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History of Jet Engines
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The most important part of a jet is the engine. As such, jet history closely follows the engine development. It is important to give credit were credit is due. Hence the names of the key engine inventor and aircraft designer is included. The first jet aircraft to fly was the Heinkel He 178 powered by the He S3B jet engine shown below. As other engines, such as the Jumo 004, were developed, new jets such as the Me 262 followed.  
History of Jet Engines Hans Von Ohain   Dr. Hans-Joachim Pabst von Ohain, "father of the gas turbine engine," beside his He S 3A jet engine which he invented, developed and successfully tested in 1936.1 He and Dr. Herbert Wagner are the father's of the jet engine. At about the same time, Frank Whittle in England also worked on a gas turbine engine but his engine did not run until 1937 at Power Jets.

History of jet engines






The He 178, using the He S3B engine, made its maiden flight on 27 August 1939. In subsequent tests it reached 400 mph. It was without a doubt the world's first jet aircraft. It's designers were Dr. Hertel, Siegfried GŁnter (later designed MiG 15 in Russia), Karl Schwaerzler.1, 4

In comparison, the first British jet, the Gloster E.28/39 powered by a Whittle engine first flew almost two years later in 1941. Only two Gloster's were built and one crashed supposedly because of icing?  The real cause may never be determined. However, the fist one accumulated 25 hrs of bench testing and ten hrs of flight.

The first US jet was the Bell XP-59A which made its maiden flight in October of 1942. It maximum speed was 380 mph. Because of its low performance and high fuel burn, it  was a big disappointment. See Ed Heinemann by Heinemann and Rausa. Available from Scientists and Friends.

The He 178 first flight in 1939
History of jet engines   Prof. Dr. Herbert Wagner started the design of the world's first axial gas turbine at Junkers, Magdeburg in 1935. He was in charge of advanced developments at Junkers until 1939. Then a fellow Austrian, Dr. Ing. Anselm Franz, also a graduate from the University of Graz, continued its development which during the war years led to the Jumo 004 axial gas turbine engine. Wagner is also the father of the turboprop engine which he patented in 1935. See British Patent No. 495 469. Sketch shown below.2

History of jet engines
History of jet engines

  The first axial gas turbine engine designed by H. Wagner. Drawing of German Patent 724091 of 1942 is shown below. This engine was further developed into the Jumo 004 engine under the direction of  Dr. Anselm Franz at Junkers Motorenbau (Jumo).1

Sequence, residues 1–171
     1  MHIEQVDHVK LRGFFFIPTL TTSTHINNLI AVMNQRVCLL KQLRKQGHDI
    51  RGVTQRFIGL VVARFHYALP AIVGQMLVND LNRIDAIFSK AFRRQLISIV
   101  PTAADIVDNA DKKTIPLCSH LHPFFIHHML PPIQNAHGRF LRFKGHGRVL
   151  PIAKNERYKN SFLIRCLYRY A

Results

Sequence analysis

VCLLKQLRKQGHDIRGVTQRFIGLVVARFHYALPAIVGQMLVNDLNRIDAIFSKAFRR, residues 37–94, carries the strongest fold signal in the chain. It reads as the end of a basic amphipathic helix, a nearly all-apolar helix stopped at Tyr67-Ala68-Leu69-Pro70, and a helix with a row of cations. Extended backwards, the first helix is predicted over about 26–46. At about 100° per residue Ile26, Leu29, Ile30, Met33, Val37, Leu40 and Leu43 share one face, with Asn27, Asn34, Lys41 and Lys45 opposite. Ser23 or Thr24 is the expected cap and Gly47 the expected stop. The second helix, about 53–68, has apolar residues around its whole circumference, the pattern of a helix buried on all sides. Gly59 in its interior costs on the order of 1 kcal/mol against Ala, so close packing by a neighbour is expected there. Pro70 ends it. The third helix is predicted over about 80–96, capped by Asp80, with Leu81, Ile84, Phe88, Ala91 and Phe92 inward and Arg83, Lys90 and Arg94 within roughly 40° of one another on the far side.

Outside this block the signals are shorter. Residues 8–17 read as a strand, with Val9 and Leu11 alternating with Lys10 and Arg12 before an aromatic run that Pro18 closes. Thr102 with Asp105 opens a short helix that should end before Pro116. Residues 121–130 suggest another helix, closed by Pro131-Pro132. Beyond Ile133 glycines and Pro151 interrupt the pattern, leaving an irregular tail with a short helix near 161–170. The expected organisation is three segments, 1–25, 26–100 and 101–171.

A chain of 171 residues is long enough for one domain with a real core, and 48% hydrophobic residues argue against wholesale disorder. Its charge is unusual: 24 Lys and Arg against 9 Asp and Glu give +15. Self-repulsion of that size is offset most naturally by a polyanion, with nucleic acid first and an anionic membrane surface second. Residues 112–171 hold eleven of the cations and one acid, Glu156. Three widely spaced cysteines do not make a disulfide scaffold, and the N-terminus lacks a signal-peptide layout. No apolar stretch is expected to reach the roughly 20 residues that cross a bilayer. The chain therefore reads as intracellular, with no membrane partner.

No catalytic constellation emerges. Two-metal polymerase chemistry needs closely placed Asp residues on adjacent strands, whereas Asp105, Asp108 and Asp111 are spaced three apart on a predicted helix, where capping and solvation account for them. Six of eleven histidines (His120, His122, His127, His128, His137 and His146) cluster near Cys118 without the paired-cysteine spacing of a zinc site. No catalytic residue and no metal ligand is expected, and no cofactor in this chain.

The axial gas turbine engine was a big improvement over the centrifugal compressor turbine engine such as the von Ohain or the Whittle engines. All large jet engines today are axial gas turbine engines.

History of jet engines Dr Franz   Dr. Ing. Anselm Franz, director of the gas turbine engine development at Junkers in Germany from 1940 to 1945 came to the US with Operation "Paperclip" in 1946 and became vice president and assistant general director at AVCO Corp. Lycoming Division in Connecticut were he continued his management efforts developing gas turbine engines. Most of the Lycoming gas turbine engines were designed by Franz and his team of engineers.

History of jet engines






History of jet engines

  Over 7,900 Jumo 004 engines were built at Junkers from 1943 to 1945. The engine produced 2,000 lbs of thrust and it was the first engine to be fitted with an afterburner.1


The Junkers Aircraft and Motor Co., on the right, employed over 147,000 workers; 52,880 on aircraft engines and 91,000 on aircraft. After the war, the complete company was dismantled and taken to Russia as war bounty and rebuilt exactly as it stood in Leipzig.3 All design offices were set up and the blue prints of the German jet and rocket aircraft were stored so that when the German "Specialists" arrived on October 1946, they could work on the new Russian "Wunder" jets such as the MiG 15.4

  1. Wolfgang Wagner, "The First Jet  Aircraft," Schiffer Publishing Ltd. 1998.
  2. Monica Wagner-Fiedler, "Herbert Wagner," Scientists and Friends. August 2003.
  3. Andrew Brent, "TYPE 150," Flying, November 1952.
  4. Werner Keller, "Ost Minus West=Null, Der Aufbau Russlands Durch Den Westen." Droemersche Verlagsanstalt Th. Knaur Nachf. Munich, Zuerich. 1960.